AMD Results Dip Into the Red

UPDATED: AMD showed strong sales for its processors in the third quarter but other businesses dragged overall results slightly into the red.

Advanced Micro Devices was unable to turn a profit for the third quarter, as its flash business dragged the company down into the red.

Although rival Intel Corp. reported its strongest third-quarter sequential growth in 25 years, AMD reported a small loss of $31 million on revenue of $954 million. Third-quarter sales increased by 88 percent from a year ago, however, and the companys loss narrowed significantly from the $254 million AMD reported in the third quarter of 2002.

"Our progress this past quarter is an excellent example of what I hope you will recognize as the new AMD," Hector Ruiz, AMDs chief executive officer, said in a conference call with analysts.

The company said that its Computation Products Group, which houses all of its microprocessor business, increased sales by 91 percent to $503 million compared with the year-ago quarter, and turned a profit, including $19 million of operating income. Both microprocessor revenue and the average selling price of its chips increased, according to Bob Rivet, AMDs chief financial officer. And AMD shipped the highest number of mobile processors ever during the third quarter.

Demand for AMDs processors increased across all product lines and geographic regions, Ruiz added. He said AMD shipped tens of thousands of 64-bit processors in the third quarter, adding that he was "confident" that the company would release hundreds of thousands of 64-bit processors in the fourth quarter.

AMD executives sounded undaunted by Microsoft Corp.s recent decision to delay its 64-bit, AMD-specific OS revisions to Windows until the second half of 2004. AMD executives said their 64-bit processors operate as the best 32-bit chips on the market, and that they offer customers investment protection as more 64-bit applications are deployed.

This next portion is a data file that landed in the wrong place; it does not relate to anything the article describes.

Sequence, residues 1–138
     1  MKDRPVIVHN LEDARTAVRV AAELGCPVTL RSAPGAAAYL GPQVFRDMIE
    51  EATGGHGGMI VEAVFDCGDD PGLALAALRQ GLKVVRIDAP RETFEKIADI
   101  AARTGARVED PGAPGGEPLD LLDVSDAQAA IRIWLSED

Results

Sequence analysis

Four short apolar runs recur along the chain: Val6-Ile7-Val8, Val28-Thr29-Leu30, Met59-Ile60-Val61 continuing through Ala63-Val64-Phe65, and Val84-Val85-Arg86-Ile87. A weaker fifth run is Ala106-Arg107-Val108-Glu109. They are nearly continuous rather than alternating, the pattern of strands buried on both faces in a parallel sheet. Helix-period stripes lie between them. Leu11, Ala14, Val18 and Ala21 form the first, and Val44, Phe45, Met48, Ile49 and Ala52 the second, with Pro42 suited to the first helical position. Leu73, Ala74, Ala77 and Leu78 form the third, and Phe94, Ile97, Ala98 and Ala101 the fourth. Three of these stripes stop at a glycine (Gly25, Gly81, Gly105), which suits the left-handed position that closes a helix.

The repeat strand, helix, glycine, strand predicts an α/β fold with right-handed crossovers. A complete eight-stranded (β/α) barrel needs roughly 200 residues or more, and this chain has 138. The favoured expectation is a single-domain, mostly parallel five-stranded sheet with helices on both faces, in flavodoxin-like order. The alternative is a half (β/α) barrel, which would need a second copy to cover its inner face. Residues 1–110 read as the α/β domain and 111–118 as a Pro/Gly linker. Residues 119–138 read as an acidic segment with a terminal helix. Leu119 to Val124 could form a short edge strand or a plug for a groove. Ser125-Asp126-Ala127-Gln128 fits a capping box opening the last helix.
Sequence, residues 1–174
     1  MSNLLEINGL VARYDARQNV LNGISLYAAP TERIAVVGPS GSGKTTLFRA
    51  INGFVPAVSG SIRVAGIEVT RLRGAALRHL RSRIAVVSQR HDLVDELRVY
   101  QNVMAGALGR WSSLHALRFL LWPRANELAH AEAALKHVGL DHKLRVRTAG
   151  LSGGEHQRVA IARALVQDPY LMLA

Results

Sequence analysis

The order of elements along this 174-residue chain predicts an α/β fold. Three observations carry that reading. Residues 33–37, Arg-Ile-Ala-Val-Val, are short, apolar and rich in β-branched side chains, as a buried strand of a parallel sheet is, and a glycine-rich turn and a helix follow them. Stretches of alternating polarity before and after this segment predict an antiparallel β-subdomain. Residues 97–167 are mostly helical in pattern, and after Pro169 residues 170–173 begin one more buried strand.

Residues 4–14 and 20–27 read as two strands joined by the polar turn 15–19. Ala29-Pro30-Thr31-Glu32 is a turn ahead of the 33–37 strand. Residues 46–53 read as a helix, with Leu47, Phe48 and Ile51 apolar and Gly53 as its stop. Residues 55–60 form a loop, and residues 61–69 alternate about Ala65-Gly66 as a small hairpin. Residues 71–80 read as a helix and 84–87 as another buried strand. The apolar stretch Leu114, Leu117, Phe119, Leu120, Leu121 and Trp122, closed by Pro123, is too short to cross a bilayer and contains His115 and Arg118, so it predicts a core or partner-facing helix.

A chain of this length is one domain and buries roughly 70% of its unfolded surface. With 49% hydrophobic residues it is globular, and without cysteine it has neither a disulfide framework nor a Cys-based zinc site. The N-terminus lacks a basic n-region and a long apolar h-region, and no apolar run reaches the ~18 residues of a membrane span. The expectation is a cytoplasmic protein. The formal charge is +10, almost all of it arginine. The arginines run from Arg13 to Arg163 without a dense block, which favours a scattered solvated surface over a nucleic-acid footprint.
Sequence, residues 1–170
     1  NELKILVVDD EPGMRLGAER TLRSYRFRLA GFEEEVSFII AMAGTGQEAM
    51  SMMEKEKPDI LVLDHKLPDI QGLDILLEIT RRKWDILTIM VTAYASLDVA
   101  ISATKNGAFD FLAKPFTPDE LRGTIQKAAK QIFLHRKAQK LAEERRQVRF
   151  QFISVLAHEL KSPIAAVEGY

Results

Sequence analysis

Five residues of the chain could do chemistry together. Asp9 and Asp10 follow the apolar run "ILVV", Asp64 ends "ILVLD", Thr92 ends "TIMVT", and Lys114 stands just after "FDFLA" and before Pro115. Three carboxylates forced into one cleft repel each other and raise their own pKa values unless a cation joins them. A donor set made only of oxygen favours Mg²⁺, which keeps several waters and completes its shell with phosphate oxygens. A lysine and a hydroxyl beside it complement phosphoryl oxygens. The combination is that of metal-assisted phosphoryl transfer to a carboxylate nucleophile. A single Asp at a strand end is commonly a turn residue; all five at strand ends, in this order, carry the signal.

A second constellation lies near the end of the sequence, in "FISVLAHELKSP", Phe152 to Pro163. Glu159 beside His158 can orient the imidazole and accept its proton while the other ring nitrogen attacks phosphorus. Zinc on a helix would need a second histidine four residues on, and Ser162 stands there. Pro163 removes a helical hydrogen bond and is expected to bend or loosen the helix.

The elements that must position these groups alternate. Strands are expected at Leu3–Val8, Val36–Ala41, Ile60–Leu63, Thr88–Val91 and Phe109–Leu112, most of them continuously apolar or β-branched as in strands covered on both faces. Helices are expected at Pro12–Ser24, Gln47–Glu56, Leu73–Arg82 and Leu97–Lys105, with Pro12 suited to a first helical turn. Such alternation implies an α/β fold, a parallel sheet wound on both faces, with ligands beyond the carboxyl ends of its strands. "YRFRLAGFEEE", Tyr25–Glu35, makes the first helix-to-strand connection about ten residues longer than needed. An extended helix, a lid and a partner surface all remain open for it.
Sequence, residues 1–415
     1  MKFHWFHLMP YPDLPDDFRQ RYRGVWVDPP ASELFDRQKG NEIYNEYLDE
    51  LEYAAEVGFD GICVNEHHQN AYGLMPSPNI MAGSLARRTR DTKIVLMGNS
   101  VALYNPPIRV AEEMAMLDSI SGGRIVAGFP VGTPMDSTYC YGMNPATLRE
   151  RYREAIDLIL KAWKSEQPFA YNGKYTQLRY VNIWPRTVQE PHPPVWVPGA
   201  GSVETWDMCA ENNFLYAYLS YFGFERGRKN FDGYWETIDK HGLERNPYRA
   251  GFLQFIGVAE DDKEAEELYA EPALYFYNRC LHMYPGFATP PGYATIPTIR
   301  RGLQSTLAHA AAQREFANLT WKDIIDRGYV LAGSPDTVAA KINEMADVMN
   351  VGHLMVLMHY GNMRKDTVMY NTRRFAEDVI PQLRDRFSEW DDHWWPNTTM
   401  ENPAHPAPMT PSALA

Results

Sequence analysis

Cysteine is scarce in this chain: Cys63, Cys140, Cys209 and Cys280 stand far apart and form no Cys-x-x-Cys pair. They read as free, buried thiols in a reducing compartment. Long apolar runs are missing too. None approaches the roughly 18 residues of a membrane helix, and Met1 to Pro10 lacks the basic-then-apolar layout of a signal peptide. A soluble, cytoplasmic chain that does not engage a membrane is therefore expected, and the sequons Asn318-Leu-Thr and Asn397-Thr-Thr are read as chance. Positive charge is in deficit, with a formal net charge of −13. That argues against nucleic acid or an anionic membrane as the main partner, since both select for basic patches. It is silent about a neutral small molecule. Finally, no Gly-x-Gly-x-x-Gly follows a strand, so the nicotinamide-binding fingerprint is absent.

"A delay of one or two months doesnt change the value proposition in the consumer or enterprise space," said Henri Richard, AMDs senior vice president of worldwide marketing and sales.

AMD will move to a 90-nanometer manufacturing process shortly, Ruiz said, although these products arent expected until the first half of 2004. The finer manufacturing process will allow AMD to manufacture smaller, faster processor dies that consume less power, and allow AMD to ship a mobile version of the Athlon 64 in the second half of 2004. The company will provide more details about its future manufacturing plans later this year, Ruiz said.

"We expect that in the first quarter [of 2004] one-half of our wafer starts will be AMD64," Ruiz said, referring to the companys 64-bit architecture.

At the same time, however, AMDs flash memory business reported a $49 million operating loss, according to Rivet. In June, AMD combined its flash business with that of Fujitsu Ltd., and the merged joint venture, Spansion LLC, now appears on AMDs balance sheet. The combination of AMDs flash business and Spansions operations produced memory sales of $424 million for the quarter, more than double the amount in third quarter of 2002.

During the fourth quarter, AMD said that it expects its operating costs will stay flat at approximately $1 billion, and that sales of CPUs and flash memory will rise.

Although the chipmaker continues to lose money, the company has just about a billion dollars of cash on hand, Rivet said.

Editors note: This story has been updated since its original posting to include information from a conference call with analysts.

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